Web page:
HH, Sir Godfrey Gregg D.Div
A new year’s resolution for St. Vincent and the Grenadines, might be to raise awareness and do what we can to tackle the global scandal of human trafficking, police crimes against citizens and the politician’s failures of our political system. – Patriarch Godfrey Gregg
The bells ringing out the old year and ringing in the New Year remind us of how quickly time passes. Even since this time last year, all our lives have changed in one way or another: we’ve seen new faces and places, meeting new challenges, embraced new opportunities, encountered new problems. The turn of the year brings with it a mixture of sadness and hope, memories and dreams, regrets and resolutions. Some people won’t be sorry to leave 2019 behind; others will face the New Year with uncertainty in terms of family, health, relationships and financial pressures. They ask: will 2020 be a good year? It is left to be seen.
At the beginning of this New Year, the beautiful Blessing of Aaron will be read from the Book of Numbers in the congregation of The Mystical Order. Although it is two and a half thousand years old, its verses invoke a timeless message which is perfect for today:
‘22 And the Lord spake unto Moses, saying,23 Speak unto Aaron and unto his sons, saying, On this wise ye shall bless the children of Israel, saying unto them,24 The Lord bless thee, and keep thee:25 The Lord make his face shine upon thee, and be gracious unto thee:26 The Lord lift up his countenance upon thee, and give thee peace.27 And they shall put my name upon the children of Israel, and I will bless them. (Numbers 6:22-27).’
To begin the New Year blessed by the presence of God is to hold on to hope, courage and trust even when we might be inclined to fret, fear or be anxious about the future. Our resolutions to change or do better are born out of the conviction that a fresh start is always possible and that conversion is achievable and good for us. Faith in God’s presence enables us to say: 2020 will be a better year. With the Lord’s face shining upon us in 2020 we can be more present to each moment, each person, every cry for help, every gifted opportunity that awaits us; every day, every hour, every moment can be truly blessed by the love and presence of God.
During the Christmas season, many of us have had the opportunity to be with family, to spend time in worship and to reach out in charity to those less fortunate than ourselves. Others like me spent Christmas Day at work where we brought joy and expressions of happiness to our patients. May these Christmas instincts inspire our resolutions for the year ahead – to spend more time with family and friends; to build our friendship with God; to reach out to the marginalised? To mend broken fences in a country that is so politically divided and full of biases from every side.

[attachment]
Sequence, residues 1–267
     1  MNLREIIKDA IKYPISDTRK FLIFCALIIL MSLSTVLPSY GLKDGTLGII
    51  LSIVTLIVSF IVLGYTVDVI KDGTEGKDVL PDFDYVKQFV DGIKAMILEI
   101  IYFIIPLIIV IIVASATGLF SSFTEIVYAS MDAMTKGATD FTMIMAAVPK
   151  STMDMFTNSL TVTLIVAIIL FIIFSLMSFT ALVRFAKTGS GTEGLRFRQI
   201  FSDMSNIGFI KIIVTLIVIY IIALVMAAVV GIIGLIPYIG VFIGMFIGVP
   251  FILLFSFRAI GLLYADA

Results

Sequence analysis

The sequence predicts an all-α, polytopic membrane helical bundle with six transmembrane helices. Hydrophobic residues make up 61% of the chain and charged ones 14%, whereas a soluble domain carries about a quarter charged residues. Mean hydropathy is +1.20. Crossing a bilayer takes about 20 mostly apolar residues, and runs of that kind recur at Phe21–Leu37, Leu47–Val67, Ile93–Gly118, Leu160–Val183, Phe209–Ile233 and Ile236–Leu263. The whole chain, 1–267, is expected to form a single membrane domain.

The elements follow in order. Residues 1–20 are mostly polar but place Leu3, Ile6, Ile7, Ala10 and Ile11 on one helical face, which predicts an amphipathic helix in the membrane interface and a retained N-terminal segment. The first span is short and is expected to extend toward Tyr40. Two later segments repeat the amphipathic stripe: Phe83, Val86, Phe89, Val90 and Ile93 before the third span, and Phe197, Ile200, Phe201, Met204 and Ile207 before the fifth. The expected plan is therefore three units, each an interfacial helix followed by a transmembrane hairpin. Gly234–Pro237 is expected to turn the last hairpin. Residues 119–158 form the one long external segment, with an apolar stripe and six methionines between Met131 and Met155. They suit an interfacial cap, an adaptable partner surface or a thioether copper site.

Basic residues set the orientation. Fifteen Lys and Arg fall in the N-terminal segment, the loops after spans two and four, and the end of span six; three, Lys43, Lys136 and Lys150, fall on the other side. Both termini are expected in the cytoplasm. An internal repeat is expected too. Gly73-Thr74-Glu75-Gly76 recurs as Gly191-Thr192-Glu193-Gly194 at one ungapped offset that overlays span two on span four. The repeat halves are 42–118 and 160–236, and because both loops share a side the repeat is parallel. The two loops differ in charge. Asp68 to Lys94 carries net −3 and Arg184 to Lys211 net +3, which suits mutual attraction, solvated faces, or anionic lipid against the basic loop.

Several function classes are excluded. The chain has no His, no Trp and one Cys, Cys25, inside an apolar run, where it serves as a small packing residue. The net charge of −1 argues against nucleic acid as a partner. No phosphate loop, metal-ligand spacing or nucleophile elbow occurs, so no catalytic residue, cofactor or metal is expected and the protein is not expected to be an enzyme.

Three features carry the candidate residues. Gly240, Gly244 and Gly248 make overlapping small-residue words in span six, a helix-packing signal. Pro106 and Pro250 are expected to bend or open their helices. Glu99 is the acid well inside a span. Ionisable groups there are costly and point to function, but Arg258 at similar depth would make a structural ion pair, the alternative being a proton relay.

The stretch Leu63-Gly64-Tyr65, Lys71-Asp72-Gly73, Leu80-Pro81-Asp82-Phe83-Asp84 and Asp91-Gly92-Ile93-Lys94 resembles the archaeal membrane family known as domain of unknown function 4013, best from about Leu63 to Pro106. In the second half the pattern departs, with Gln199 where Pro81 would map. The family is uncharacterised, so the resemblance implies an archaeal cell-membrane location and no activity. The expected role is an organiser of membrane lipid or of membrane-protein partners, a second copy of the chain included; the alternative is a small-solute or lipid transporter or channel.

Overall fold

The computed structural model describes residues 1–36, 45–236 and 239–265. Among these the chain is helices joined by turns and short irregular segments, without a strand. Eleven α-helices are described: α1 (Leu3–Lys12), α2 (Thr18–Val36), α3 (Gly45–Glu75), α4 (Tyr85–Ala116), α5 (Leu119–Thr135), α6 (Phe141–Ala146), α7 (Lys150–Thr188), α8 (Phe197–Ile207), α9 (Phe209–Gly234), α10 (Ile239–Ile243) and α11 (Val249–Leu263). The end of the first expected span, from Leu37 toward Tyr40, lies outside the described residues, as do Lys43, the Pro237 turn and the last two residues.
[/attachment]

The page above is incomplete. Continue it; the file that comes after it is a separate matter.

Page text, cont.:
In my Christmas message, I reminded you that before us the cruel facts of modern-day slavery: that millions of children, women and men throughout the world are deprived of their freedom and forced to live in conditions akin to slavery. I spoke with bluntness about the greed and corruption which preys upon the dignity of our fellow human beings who are ‘trafficked’ from place to place and mistreated as objects for exploitation and prostitution. Many of them, because of extreme poverty and helplessness, get caught up into a vicious circle, accepting roles and situations that are beneath their human dignity. And sadly, because of selfishness local and global indifference, we can easily remain blind and ignorant of their plight – perhaps even tacitly complicit.
A new year’s resolution for St. Vincent and the Grenadines and the church, might be to raise awareness and do what we can to tackle the global scandal of human trafficking, to rally the governments of the region to STOP the rape and abuse against our women and girls and to a greater extent our young boys. We might ask questions of ourselves and our public representatives: where is trafficking happening in our country? What are we doing to make St. Vincent and the Grenadines the land of one thousand welcomes and a cold place for human traffickers? Clearly trafficking, rape and abuse of our female population are a problem to be addressed both nationally and internationally. Right on the front steps of our beloved homeland of St. Vincent and the Grenadines the people that swore to protect and serve the nation are leading the rape and abuse of our women and girls. This is outrageous and it has stuck to the heart of our monarchy where a Prince is defending himself for his association with a convicted sex offender and now deceased Jeffery Epstein and our local governmental authorities. It begins, however, with personal and public awareness of what trafficking is. What is rape, how to spot a rapist, what to do in the event a rape occurs and how it can be prevented?
Aaron’s blessing prays that the Lord may bless us and keep us all safe in his care. If at the end of 2020, some vulnerable trafficking victims feel “no longer slaves, but our brothers and sisters (Philippians 15-16)”, then we will be able to say: it has been a very good year! I will continue to monitor the news and the national bulletins from the regions to see if any progress is made. Do not be deceived, there is a fraction of our society that make a livelihood when crimes are committed and the society should call on these individuals to hold town hall meetings to educate the citizens. That will stop the flow of revenue into their pockets but we must give it a try.